‘Too late to leave’: Monster blaze traps residents
AN "out-of-control" bushfire is threatening homes in far south NSW with residents near Ulladulla being told it is too late to leave.
Two other blazes have been reported, one west of Kiama and the other at North Nowra with homes said to be under threat along the Princes Highway.
The triple fire threat prompted the NSW Rural Fire Service to make the "extremely rare" decision to declare a total fire ban for Sydney in winter.
The Ulladulla firefront has burnt through about 100 hectares and properties west of Burrill Lake are currently under threat.
An emergency warning - the highest possible alert - has been issued by the RFS but some residents have been told it is too dangerous to leave.
No properties have yet been lost but strong winds and incredibly dry conditions are exacerbating the situation and hampering fire crews.
"Residents in the area of Kingspoint and areas west of Burrill Lake and Ulladulla are advised to seek shelter in a solid structure as the fire impacts," the RFS said this morning.
The fire - about 100 hectares in size - is being fanned by very strong north- westerly winds, with gusts of up to 60km/h.
"Under these conditions, fires are uncontrollable, unpredictable and fast- moving." A grass fire was also burning out of control in Jerrara, west of Kiama. The RFS said the fire was burning "close to properties" but crews were on scene to try protect them.
EMERGENCY WARNING Croobyar Rd (Shoalhaven LGA) - Fire continuing to burn in the vicinity of Woodstock Rd W of Burrill Lake, with spotting occurring ahead of the fire front. Residents in Woodstock are advised to seek shelter as the fire approaches #nswrfs #nswfires pic.twitter.com/AMMD1ji5kS— NSW RFS (@NSWRFS) August 14, 2018
Fire crews had already been on high alert with warm and windy weather forecast across the state.
The RFS has urged property owners to think twice before burning off on Wednesday, as temperatures rise to the mid-20s amid winds of up to 70km/h. Firefighters were kept busy last weekend with "irresponsible" and "careless" landholders behind dozens of escaped and illegal burns in windy conditions, some of which threatened homes.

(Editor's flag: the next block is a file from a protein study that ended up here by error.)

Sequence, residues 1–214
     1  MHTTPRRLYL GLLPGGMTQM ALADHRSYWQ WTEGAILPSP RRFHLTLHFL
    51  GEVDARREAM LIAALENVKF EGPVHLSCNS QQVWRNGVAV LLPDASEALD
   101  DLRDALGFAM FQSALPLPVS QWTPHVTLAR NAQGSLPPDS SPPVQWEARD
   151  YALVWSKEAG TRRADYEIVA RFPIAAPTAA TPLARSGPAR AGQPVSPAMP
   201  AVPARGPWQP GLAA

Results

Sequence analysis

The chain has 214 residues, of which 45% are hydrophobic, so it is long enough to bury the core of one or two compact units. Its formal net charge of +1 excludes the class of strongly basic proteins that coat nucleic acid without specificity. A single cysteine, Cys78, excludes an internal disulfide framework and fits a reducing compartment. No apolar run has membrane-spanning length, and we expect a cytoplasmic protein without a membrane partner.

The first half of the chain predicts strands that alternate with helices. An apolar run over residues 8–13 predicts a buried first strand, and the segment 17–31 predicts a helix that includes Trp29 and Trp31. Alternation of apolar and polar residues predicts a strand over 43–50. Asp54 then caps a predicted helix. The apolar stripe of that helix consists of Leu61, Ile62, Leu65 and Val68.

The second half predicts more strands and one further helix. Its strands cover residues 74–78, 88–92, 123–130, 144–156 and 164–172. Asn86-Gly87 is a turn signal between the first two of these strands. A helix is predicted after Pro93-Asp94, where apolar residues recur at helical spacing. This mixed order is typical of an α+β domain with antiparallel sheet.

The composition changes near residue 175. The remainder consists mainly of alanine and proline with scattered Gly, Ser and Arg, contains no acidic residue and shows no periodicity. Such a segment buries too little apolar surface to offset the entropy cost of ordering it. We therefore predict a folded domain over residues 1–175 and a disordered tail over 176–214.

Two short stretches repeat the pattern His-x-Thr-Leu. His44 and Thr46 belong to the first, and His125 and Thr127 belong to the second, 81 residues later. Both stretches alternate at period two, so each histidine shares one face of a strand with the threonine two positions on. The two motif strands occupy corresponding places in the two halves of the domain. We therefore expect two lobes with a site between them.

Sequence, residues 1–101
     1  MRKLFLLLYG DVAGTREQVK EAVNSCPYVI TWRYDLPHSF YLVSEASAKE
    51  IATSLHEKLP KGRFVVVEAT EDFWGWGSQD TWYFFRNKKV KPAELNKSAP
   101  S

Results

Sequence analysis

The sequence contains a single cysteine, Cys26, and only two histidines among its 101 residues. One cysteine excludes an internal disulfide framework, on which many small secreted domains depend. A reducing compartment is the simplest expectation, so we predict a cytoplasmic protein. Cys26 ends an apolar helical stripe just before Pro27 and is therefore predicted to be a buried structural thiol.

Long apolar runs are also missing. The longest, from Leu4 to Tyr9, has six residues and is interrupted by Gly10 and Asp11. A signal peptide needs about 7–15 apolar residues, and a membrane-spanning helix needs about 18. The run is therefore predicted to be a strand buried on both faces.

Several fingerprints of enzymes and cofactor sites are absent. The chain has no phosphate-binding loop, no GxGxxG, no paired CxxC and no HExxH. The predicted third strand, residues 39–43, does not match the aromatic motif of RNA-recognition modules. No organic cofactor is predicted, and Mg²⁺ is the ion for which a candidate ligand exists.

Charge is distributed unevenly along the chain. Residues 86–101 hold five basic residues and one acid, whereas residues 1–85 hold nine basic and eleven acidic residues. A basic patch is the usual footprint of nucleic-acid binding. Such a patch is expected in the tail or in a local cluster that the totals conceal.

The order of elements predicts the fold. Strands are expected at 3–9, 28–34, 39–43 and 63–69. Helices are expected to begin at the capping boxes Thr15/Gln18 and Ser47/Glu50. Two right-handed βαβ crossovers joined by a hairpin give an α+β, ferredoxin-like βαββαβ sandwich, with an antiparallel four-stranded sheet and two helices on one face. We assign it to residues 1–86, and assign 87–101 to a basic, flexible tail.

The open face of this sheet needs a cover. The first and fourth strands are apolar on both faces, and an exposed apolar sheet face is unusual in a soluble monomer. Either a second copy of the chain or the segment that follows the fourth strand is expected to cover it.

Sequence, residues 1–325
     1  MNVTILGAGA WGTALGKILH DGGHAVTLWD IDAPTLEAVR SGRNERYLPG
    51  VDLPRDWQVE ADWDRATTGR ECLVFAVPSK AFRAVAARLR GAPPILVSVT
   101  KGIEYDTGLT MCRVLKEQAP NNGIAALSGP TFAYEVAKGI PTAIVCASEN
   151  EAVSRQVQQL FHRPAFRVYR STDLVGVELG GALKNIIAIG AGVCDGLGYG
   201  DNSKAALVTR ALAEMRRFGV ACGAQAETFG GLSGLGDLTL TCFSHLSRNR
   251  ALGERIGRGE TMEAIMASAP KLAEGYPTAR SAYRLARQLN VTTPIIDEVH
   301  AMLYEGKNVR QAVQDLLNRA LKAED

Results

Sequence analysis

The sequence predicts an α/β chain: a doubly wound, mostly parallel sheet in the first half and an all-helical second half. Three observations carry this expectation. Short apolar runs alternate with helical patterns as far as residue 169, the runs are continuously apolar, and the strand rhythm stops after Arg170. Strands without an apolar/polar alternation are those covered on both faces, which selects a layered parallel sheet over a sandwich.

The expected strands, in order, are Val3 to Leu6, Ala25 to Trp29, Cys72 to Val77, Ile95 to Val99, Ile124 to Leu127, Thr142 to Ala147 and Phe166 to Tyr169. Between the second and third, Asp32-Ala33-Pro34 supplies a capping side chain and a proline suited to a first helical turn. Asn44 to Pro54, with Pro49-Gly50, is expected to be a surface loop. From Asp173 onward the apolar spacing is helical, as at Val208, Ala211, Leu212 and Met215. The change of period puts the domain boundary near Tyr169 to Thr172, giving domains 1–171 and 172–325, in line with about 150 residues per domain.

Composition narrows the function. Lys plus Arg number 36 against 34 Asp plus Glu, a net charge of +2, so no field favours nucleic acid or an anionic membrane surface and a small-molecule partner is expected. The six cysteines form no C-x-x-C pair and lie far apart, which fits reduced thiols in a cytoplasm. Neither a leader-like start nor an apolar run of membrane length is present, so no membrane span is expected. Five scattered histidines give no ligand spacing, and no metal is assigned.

Some 48 incidents were reported across the state between Friday and Sunday, 10 more than the previous weekend.
Commissioner Shane Fitzsimmons said the activity was extremely concerning. "Escaped fires pose a very real and potentially deadly threat to the public, especially if that escaped burn takes hold and fire authorities are not notified," he said.
Landholders who fail to notify authorities and neighbours face fines of up to $5500 and/or 12 months in jail, while escaped fires can attract penalties of up to $110,000 and/or five years' prison.
The bushfire danger period has already begun in parts of the state, including Lismore, Richmond Valley, Armidale and Walcha.
It will start in other local government areas, such as Coffs Harbour and Kempsey, from Friday.
WHAT DOES A TOTAL FIRE BAN MEAN:
● On a day of a total fire ban, you can use a gas or electric barbecue outside, as long as an adult supervises it. There is no flammable material within five metres.
● All barbecues which use solid fuel such as wood, charcoal or briquettes are banned.
● A barbecue or wood fire pizza oven which uses solid fuel, such as wood, charcoal or heat beads, cannot be used outside during a Total Fire Ban.
● Permits are suspended on days of total fire ban. Permits may resume after the total fire ban is lifted, as long as the permit hasn't expired.